Introduction to Shell Scripting

Introduction to Shell Scripting

Hello, readers, I hope you are all doing great and learning new and amazing stuff. So to make some additions to that learning we are going to cover Shell Scripting or also know as Bash Scripting over here in this article we will cover Introduction to Shell Scripting.

Purpose of this series:

The main purpose of this series is to help people that are looking into learning Bash programming and give them a starting point and an understanding of Bourne Shell programming and how simple and powerful it is, as a reference there will be examples and exercises that you can try to solve.

Getting things up and running:

By the time of this article, the current version of Bash is Version 5 released in January 2019. After you have set up your environment always check for the latest version.

A Brief History of sh

Steve Bourne wrote the Bourne shell which appeared in the Seventh Edition Bell Labs Research version of Unix. Many other shells have been written, this particular tutorial concentrates on the Bourne and the Bourne Again shells. Other shells include the Korn Shell (ksh), the C Shell (csh), and variations such as tcsh, Z-shell (zsh). This tutorial does not cover those shells.


If you are reading this that means that you already have some previous knowledge about Linux:

  • Use of an interactive Unix/Linux shell
  • Minimal programming knowledge – use of variables, functions, is useful background knowledge
  • Understanding of some Unix/Linux commands, and competence in using some of the more common ones. (lscpecho, etc)
  • Programmers of RubyPerlPythonCPascal, or any programming language (even BASIC) who can maybe read shell scripts, but don’t feel they understand exactly how they work.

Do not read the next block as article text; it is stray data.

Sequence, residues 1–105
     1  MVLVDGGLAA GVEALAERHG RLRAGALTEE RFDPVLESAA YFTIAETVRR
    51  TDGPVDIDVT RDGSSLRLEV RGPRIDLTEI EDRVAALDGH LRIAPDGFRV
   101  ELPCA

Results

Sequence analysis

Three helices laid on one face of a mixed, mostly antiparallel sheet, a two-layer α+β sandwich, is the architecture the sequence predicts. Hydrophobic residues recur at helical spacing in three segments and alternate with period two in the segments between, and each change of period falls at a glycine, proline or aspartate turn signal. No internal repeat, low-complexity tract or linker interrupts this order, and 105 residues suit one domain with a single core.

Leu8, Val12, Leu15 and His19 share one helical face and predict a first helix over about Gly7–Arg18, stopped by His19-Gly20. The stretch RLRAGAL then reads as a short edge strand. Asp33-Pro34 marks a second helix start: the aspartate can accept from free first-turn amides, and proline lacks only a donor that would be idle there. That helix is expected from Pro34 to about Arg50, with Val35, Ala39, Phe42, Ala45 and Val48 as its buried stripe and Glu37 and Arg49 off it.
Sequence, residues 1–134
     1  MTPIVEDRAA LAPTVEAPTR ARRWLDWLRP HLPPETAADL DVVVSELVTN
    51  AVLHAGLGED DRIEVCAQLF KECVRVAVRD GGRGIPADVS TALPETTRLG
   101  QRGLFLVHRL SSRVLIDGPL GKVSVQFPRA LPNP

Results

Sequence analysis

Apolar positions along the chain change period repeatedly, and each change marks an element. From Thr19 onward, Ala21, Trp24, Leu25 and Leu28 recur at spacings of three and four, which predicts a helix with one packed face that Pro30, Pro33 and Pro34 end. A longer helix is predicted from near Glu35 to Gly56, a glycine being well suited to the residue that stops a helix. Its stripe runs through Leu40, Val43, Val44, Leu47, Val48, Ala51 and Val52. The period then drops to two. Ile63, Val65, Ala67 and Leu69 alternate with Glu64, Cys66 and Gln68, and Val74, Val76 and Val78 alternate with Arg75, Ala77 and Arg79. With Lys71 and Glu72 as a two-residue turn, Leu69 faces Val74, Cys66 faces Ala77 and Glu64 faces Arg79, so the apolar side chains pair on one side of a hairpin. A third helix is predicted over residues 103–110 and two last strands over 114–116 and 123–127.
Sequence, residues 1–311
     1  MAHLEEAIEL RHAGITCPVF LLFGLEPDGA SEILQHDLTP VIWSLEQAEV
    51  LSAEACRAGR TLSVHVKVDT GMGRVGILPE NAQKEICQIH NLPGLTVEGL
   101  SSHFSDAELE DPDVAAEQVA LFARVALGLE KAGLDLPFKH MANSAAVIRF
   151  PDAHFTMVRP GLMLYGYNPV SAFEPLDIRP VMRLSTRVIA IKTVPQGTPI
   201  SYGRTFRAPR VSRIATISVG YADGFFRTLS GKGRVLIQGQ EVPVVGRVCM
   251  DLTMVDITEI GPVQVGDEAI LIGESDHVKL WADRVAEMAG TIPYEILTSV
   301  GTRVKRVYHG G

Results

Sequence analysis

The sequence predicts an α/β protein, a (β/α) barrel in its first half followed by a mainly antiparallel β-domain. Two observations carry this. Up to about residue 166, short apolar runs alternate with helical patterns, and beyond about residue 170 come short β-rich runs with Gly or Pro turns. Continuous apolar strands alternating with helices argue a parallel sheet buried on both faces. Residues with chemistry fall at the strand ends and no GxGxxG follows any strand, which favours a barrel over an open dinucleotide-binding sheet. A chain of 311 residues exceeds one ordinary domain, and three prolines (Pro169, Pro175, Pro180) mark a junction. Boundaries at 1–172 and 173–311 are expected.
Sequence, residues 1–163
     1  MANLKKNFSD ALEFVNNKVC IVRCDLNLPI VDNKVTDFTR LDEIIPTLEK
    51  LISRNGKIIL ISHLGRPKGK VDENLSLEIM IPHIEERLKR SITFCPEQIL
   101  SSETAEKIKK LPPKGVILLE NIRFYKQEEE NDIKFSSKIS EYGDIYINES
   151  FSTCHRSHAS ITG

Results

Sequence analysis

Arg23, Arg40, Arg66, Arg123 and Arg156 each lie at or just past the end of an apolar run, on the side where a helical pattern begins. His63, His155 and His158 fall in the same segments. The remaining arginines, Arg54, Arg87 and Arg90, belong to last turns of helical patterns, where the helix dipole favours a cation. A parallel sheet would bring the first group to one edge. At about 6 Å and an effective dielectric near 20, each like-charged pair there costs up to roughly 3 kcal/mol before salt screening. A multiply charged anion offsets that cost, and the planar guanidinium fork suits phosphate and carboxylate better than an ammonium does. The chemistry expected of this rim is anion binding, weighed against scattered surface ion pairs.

Also Read: How to Install Netbeans IDE 8.0.2 on Ubuntu 18.04.2 LTS

How the Code looks:

Every Bash code starts with:


This tells the system that its a shell script and will execute it using the Bourne shell. To display some text on the terminal screen “echo” is used.

Once you are done with your code we have to change the file permissions of our script file and assign execution permission to our script by using this command:

chmod 755


chmod +x

Here is a simple Bash script that will print out “Hello World“:

echo Hello World

Save it as give execution permission to the file:

chmod +x

then in the terminal type:


After you run this script you will see this Output:

Hello World

Comments in the Script:

So if you decide to add comments while writing your code to be neat you can do that by using “#” before the actual comment:

# This is a comment!
echo Hello World	# This will Print Hello World!

Exercise Example:

As a final example, type in the following script. Try to predict the outcome before you run it:

# This is a comment!
echo "Hello      World"       # This is a comment, too!
echo "Hello World"
echo "Hello * World"
echo Hello * World
echo Hello      World
echo "Hello" World
echo Hello "     " World
echo "Hello "*" World"
echo `hello` world
echo 'hello' world

This is just a basic overview about Bash scripting and will be covering more of it in future if you do like it and want us to cover more about it do let us know in the comments and do share it with other so if they are interested in learning they can also get started.